Corfu travel guide
The island of Corfu, best known of the seven Ionian islands that lie off the northwest coast of Greece, differs markedly from the other popular Greek islands because not only is it green and lush, but also very developed with tourist resorts and hotels. Summertime is hectic on Corfu, with charter flights arriving daily from European cities, ferries disgorging travellers from Italy, and cruise ships docking.
There is plenty to draw visitors to this magical island, also known as Kerkyra. Modern Corfu Town is upbeat and cosmopolitan, offering an exciting conglomeration of Greek, Italian, French and British influences. The old town was laid out by the Venetians in the 14th century and features narrow alleys lined with multi-storied, pastel-coloured buildings with red tiled roofs, creating a scene reminiscent of Italy. The hub of activity in the town centre is the Liston, an arcaded row of cafes and restaurants, copied from the Rue de Rivoli in Paris.
Those wishing to escape from the melee in the town can head for the interior to enjoy some spectacular scenery and greenery. Corfu has, for instance, 43 different kinds of orchids growing wild in the countryside, and there are countless olive groves. Finally there are, of course, the beautiful beaches washed by the sparkling Ionian Sea, and it is still possible to search out a secluded cove or two even in the busy season when the over-developed resorts on the east coast are awash with package tourists.
Corfu Archaeological Museum
Like all good Greek towns, Corfu Town has its own Archaeological Museum, on the boulevard along the waterfront. Although it is small and not very impressive from the outside, it is definitely worth visiting if you have any interest in archaeology or the ancient history of the area. The museum was built between 1962 and 1965 and was initially built primarily to house the important artefacts from the Temple of Artemis in Corfu. The temple dates to 590 BC and is south of Corfu Town and the museum's greatest treasure is the Gorgon pediment from this temple, which is the oldest stone pediment surviving in Greece and is regarded as a fine example of archaic sculpture. The museum has some other interesting sculptures too, like the Lion of Menecrates, carved by a famous Corinthian sculptor in the late 7th century BC, and the pediment of Dionysus, which dates to 500 BC. The museum collection also features some interesting coins, vases and armour.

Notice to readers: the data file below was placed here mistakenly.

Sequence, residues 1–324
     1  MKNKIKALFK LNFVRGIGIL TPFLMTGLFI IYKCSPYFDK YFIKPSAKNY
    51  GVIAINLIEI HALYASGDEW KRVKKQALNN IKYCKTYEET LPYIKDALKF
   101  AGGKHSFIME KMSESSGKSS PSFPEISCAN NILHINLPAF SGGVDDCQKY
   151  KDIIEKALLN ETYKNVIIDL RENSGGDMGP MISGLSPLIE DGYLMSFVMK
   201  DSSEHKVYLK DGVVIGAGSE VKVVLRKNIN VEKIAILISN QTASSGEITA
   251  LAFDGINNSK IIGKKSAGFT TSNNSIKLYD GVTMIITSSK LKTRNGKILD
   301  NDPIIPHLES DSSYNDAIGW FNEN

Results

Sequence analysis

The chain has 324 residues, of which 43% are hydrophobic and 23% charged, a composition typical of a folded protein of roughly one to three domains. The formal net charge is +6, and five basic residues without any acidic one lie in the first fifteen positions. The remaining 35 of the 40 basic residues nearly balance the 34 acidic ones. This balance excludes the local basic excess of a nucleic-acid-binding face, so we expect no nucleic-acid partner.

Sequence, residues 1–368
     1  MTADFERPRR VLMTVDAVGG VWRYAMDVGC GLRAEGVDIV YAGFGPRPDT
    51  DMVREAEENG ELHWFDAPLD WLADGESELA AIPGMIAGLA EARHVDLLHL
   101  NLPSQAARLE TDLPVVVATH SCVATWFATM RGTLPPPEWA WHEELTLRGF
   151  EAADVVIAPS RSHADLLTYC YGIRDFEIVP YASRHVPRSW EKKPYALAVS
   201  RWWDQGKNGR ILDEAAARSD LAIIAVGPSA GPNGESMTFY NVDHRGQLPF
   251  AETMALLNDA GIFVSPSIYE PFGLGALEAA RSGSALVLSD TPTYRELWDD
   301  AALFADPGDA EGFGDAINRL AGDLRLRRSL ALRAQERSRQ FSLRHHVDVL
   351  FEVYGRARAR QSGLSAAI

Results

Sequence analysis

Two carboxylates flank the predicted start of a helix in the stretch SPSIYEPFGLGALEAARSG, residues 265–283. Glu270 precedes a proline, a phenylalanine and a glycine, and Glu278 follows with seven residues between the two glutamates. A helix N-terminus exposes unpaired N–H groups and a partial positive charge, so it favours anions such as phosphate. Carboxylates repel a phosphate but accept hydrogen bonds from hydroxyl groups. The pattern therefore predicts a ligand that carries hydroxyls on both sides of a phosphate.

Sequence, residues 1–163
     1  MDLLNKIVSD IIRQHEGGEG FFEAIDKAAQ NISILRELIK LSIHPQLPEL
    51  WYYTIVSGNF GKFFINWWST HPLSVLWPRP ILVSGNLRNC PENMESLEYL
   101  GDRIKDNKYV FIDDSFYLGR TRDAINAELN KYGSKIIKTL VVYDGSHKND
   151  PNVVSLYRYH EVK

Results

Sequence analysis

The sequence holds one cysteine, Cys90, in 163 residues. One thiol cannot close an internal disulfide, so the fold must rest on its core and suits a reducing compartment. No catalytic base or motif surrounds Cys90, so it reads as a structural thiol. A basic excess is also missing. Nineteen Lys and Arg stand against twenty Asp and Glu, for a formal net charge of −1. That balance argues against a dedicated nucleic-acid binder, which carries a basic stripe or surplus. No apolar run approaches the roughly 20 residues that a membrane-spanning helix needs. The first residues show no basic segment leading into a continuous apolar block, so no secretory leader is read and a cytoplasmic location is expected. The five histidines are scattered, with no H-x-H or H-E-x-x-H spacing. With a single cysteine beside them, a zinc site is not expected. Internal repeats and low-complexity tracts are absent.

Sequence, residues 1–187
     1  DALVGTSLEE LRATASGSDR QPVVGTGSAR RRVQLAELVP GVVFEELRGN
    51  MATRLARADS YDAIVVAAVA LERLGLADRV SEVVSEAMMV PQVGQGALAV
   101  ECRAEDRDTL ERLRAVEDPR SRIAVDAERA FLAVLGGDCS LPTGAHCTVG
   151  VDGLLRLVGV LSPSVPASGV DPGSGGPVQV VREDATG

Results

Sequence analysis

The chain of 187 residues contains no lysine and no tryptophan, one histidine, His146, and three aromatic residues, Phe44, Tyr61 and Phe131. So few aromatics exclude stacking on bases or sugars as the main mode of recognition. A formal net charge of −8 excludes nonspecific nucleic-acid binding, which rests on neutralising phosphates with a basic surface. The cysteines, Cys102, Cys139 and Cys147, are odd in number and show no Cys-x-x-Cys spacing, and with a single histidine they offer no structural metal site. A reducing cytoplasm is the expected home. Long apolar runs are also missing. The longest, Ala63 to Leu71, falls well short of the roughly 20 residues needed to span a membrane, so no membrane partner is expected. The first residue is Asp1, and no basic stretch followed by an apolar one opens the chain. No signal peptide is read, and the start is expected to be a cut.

Address: Vrela Armeni 1, Corfu, Greece
Museum of Asian Art
Although it may seem strange to visit a museum dedicated to Eastern art and antiquity while on holiday in Greece, this museum is very interesting and the only one of its kind in the country. Gregorios Manos, the founder of the museum, was a Greek ambassador to Austria who was passionate about the East and purchased at art auctions about 9,500 authentic Chinese, Korean and Japanese artefacts which formed the basis of the museum collection when it was opened in 1928. The permanent collection includes arms and armour, bronze, ceramics, paintings, sculptures and textiles from China, Japan, Korea, India and a few other Asian countries. The three-storey building housing this collection of art is a beautiful neoclassical structure built by the British in 1820 when the Ionian Islands were ruled by Britain. The building itself justifies visiting the museum for those with an interest in architecture. The museum is a peaceful oasis which immerses the visitor in another world and culture. It is situated at the north end of the Esplanade in Corfu Town.
Address: Palea Anactora, Spianada